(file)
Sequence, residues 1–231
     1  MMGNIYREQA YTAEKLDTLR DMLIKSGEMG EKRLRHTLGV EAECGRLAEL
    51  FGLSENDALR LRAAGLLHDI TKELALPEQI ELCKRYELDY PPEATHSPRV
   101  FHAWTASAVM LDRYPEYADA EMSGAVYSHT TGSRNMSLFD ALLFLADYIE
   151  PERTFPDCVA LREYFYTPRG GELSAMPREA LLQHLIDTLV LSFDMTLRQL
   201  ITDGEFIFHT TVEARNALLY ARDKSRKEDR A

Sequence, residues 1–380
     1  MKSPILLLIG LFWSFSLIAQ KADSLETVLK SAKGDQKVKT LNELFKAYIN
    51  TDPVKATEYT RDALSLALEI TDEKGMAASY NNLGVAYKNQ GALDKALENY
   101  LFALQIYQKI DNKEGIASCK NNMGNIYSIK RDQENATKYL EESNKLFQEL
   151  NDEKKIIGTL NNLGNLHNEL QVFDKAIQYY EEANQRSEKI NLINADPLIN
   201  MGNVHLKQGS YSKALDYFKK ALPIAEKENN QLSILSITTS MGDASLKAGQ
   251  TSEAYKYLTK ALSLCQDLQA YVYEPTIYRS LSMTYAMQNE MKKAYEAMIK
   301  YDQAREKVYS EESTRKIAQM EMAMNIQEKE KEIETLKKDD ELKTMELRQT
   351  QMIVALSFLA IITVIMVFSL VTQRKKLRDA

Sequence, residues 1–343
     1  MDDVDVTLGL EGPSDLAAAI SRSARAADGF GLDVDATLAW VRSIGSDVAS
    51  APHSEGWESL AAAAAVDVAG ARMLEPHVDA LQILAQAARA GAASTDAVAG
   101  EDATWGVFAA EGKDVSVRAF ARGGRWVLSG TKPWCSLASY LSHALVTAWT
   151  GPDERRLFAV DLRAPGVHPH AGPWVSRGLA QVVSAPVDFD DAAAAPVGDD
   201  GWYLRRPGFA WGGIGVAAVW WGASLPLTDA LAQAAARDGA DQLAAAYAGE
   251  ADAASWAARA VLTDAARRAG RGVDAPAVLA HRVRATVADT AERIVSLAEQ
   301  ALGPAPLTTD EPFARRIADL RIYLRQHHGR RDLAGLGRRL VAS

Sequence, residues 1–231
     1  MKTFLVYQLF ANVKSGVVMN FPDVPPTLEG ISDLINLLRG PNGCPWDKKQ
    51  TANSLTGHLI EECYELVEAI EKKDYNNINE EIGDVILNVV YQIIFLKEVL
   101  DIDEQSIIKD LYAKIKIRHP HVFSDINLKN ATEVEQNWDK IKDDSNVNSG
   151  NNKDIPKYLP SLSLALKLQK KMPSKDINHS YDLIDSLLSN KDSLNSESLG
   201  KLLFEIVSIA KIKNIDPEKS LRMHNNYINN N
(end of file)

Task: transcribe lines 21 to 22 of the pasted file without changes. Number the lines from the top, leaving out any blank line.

   201  GWYLRRPGFA WGGIGVAAVW WGASLPLTDA LAQAAARDGA DQLAAAYAGE
   251  ADAASWAARA VLTDAARRAG RGVDAPAVLA HRVRATVADT AERIVSLAEQ